William Black – New Economic PerspectivesNew Economic Perspectives

Trump’s language problems do not end with his double negatives and his endless contradictions of what he has just said or tweeted about Putin’s assault on our democracy. Trump lies about everything, all the time. His lies, however, frequently reveal the greater truth – he lives to betray America, his responsibilities as President, and his base. One classic example is the illegal abuse of monopoly power used against Americans and people globally. Trump has managed to embrace, contemporaneously, polar views on monopoly power – and both views are wrong. That takes some doing. One would think that taking opposite views would help you be right half the time.

Under United States law, the intentional abuse of monopoly power is both illegal and criminal.


Our Department of Justice (DOJ) and Federal Trade Commission (FTC) can bring civil suits to stop the abuse and penalize it – including treble damages and orders to reduce greatly the monopoly power. DOJ can also bring a criminal prosecution. In the European Union (EU), such monopoly power abuses are generally only subject to civil sanctions and orders to reduce monopoly power. (Some EU nations criminalize “hardcore” cartel actions.) DOJ can prosecute either, or both, the firm and the officers involved in abusing the monopoly power. EU nations often do not permit prosecutions of the firm even for cartels.

Economists generally focus on increasing productivity as the driver of development. Among the most troubling economic developments in the West in the last decade is the weak gains in productivity, particularly in a time of rapid technological advances. Neoclassical economics pictures firms as engaged in a fierce, endless battle for survival where failure is certain for firms that are even slightly less efficient that their rivals. This struggle is supposed to produce relentless, rapid advances in productivity. Something has gone very wrong with the neoclassical narrative of competition, productivity, and growth.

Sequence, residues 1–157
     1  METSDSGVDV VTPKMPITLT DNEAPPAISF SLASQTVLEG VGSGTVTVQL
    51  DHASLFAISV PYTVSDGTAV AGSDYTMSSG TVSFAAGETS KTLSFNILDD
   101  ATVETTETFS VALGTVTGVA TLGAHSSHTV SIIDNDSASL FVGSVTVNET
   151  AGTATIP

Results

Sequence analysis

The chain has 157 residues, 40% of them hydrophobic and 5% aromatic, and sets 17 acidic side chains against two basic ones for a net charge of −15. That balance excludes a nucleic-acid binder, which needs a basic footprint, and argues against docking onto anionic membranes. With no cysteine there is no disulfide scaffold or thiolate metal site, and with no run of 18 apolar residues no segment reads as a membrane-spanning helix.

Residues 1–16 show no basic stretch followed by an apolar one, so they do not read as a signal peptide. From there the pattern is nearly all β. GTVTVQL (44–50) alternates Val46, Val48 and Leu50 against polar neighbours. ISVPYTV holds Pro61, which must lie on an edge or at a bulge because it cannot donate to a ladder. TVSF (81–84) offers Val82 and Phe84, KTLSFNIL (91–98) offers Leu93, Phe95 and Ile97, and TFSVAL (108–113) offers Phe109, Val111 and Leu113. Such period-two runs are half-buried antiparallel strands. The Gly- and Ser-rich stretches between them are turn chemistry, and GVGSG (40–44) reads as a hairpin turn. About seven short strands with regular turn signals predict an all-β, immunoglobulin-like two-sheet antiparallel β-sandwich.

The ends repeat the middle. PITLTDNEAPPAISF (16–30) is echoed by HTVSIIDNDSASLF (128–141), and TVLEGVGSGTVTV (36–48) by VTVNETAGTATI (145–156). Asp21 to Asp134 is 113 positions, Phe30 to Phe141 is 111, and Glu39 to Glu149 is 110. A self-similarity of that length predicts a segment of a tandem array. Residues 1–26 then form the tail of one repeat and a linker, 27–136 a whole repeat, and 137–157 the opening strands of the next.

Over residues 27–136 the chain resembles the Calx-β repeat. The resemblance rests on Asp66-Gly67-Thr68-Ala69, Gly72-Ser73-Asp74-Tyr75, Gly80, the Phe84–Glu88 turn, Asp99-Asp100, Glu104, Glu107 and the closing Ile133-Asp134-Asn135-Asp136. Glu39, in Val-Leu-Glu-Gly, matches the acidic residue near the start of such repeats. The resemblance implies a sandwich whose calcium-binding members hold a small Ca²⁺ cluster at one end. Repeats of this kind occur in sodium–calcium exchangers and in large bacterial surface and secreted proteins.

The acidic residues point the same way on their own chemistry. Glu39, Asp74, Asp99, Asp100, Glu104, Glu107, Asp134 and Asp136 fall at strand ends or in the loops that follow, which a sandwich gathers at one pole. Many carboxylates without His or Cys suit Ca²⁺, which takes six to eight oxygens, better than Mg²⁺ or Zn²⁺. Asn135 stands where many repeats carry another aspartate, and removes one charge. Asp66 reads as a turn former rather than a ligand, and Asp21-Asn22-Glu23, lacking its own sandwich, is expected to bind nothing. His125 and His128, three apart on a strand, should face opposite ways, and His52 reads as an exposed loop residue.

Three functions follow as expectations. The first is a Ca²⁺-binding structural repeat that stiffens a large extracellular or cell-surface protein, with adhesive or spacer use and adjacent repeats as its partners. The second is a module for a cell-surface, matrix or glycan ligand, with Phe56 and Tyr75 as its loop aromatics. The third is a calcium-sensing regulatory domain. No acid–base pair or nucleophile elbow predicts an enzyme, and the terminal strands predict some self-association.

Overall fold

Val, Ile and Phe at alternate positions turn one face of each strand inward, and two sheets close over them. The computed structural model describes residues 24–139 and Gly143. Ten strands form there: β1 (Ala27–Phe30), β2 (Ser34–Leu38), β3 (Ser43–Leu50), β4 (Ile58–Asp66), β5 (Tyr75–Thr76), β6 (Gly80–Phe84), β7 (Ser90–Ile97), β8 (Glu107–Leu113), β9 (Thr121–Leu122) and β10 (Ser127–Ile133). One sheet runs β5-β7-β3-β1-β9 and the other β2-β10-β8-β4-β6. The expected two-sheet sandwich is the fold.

Weak productivity and efficiency is supposed to remedy itself. The neoclassical (and Austrian) economics claim is that it creates a profit opportunity for entrepreneurs to enter who either will run a more productive firm or serve as consultant to explain to existing firms’ CEOs the secret of improving efficiency. This series of articles focuses on one of these supposed examples of Austrian “spontaneous order” – executive coaching.

One of the prime myths that white-collar criminologists have to refute repeatedly is that blockchain makes fraud impossible. Blockchain, in some settings, is a costly means of making some frauds much more difficult. Blockchain is useless against the most important frauds. The primitive worship of blockchain as a supposed garlic capable of warding off evil breeds complacency, and complacency produces increased fraud and greatly extends the life of fraud.

The difference between making fraud impossible and (in a few specialized settings) ‘much more difficult’ brings to mind the critical difference explained in The Princess Bride between ‘dead’ and ‘mostly dead.’ Blockchain is useless in stopping, for example, any or the three epidemics of ‘control fraud’ that drove the 2008 financial crisis and the Great Recession. Lenders’ executives extorted appraisers to inflate appraised values of homes, creating a Gresham’s dynamic in which bad ethics tends to drive good ethics out of the markets and professions. The second fraud epidemic in loan origination was ‘liar’s’ loans, which were designed to aid lenders and their agents to inflate the incomes of borrowers. Note that both of these primary fraudulent loan origination schemes involve lenders deliberately seeking to provide false (inflated) data designed to inflate the market value of homes. The third fraud epidemic that drove the U.S. financial crisis was the fraudulent sale of these mortgages to the secondary market through false “reps and warranties” about loan underwriting – principally the fraudulently inflated appraisal values and borrowers’ incomes.